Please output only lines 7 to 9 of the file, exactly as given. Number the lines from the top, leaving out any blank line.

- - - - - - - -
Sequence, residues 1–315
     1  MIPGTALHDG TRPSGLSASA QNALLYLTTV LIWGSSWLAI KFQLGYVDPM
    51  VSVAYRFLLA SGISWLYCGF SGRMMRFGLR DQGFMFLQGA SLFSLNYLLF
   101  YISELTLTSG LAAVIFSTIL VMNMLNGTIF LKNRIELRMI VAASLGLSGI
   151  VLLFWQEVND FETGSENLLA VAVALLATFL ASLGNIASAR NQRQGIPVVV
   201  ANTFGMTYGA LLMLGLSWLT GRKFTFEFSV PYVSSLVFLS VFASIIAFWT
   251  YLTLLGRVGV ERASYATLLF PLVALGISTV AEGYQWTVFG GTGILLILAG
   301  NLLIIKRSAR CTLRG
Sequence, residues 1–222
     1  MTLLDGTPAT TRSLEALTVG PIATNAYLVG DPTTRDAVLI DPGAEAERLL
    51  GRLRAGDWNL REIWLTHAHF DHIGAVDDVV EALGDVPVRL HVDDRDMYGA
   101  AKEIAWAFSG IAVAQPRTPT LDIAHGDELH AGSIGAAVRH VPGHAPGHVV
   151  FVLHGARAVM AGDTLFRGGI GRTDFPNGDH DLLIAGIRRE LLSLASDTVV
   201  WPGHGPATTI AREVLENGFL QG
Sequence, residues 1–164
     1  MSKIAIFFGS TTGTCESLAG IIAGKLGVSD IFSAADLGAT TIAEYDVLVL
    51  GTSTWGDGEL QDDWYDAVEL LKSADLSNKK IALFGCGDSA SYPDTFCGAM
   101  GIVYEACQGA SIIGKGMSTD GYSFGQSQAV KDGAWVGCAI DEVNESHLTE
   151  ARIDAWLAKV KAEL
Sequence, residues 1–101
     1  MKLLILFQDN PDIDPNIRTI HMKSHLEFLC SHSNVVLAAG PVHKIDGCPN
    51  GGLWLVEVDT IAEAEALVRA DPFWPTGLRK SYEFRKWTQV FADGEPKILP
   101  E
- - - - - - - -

   251  YLTLLGRVGV ERASYATLLF PLVALGISTV AEGYQWTVFG GTGILLILAG
   301  NLLIIKRSAR CTLRG
Sequence, residues 1–222